Modern baseball historians regard it as unlikely that anyone will ever hit .400 again, barring a change to the way the game is played, and that it will be extremely difficult to approach DiMaggio's 56-game streak, which is so far beyond second place (44) and a modern day phenomenon.


The Yankees made short work of the Brooklyn Dodgers in the 1941 Series. Two months and one day after the final game of the Yanks' four games-to one win, the Pearl Harbor attacks occurred, and many of the best ballplayers went off to World War II. The war-thinned ranks of the major leagues nonetheless found the Yanks in the post-season again, as the team traded World Series wins with the St. Louis Cardinals during 1942 and 1943. The 1941 World Series matched the New York Yankees against the Brooklyn Dodgers, with the Yankees winning in five games to capture their fifth title in six years, and their ninth overall. ... Satellite image of Pearl Harbor. ... Combatants Major Allied powers: United Kingdom Soviet Union United States Republic of China and others Major Axis powers: Nazi Germany Italy Japan and others Commanders Winston Churchill Joseph Stalin Franklin Roosevelt Harry Truman Chiang Kai-Shek Adolf Hitler Benito Mussolini Hideki Tojo Casualties Military dead: 17,000,000 Civilian dead... It has been suggested that 2007 St. ...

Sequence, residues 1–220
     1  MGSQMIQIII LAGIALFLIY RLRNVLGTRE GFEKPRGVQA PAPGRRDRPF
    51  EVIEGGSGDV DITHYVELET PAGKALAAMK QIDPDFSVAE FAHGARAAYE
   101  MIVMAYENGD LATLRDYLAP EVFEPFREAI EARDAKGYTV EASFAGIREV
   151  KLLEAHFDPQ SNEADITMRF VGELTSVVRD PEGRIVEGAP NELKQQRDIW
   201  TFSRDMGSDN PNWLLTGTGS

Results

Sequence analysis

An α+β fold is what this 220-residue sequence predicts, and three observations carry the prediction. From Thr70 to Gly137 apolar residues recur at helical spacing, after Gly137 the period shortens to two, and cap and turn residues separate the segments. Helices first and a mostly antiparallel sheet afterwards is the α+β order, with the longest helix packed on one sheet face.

The Yanks then went into a bit of a slump, and manager McCarthy was let go early in the 1946 season. After a couple of interim managers had come and gone, Bucky Harris was brought in and the Yankees righted the ship again, winning the 1947 pennant and facing a much-tougher Dodgers team than their 1941 counterparts, in a Series that took the Yankees seven games to win, and was a harbinger of things to come for much of the next decade. Bucky Harris Stanley Raymond Bucky Harris (November 8, 1896 - November 8, 1977) was a Major League Baseball player, manager and executive. ...